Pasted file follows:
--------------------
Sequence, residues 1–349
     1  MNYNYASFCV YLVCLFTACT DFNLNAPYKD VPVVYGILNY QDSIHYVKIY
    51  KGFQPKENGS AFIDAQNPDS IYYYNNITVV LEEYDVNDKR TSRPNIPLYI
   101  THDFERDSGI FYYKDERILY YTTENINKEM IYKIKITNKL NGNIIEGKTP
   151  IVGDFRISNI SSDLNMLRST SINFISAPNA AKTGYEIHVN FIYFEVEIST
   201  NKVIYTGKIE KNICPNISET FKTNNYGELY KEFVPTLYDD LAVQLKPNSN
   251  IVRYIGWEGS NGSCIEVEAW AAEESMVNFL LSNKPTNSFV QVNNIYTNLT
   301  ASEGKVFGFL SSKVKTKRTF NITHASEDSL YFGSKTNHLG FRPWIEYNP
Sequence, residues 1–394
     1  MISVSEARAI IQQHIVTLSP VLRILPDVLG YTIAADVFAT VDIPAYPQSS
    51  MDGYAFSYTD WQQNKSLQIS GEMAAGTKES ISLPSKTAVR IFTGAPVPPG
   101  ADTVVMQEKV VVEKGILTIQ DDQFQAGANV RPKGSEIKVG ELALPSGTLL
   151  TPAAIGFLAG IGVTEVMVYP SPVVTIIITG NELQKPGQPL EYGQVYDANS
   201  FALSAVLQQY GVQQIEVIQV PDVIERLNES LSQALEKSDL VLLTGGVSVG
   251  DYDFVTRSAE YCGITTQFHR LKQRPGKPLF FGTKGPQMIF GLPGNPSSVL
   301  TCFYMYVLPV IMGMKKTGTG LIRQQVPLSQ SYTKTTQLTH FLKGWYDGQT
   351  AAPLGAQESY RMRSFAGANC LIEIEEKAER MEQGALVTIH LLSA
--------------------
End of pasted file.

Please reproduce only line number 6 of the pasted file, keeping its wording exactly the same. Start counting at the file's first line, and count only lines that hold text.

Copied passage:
   201  NKVIYTGKIE KNICPNISET FKTNNYGELY KEFVPTLYDD LAVQLKPNSN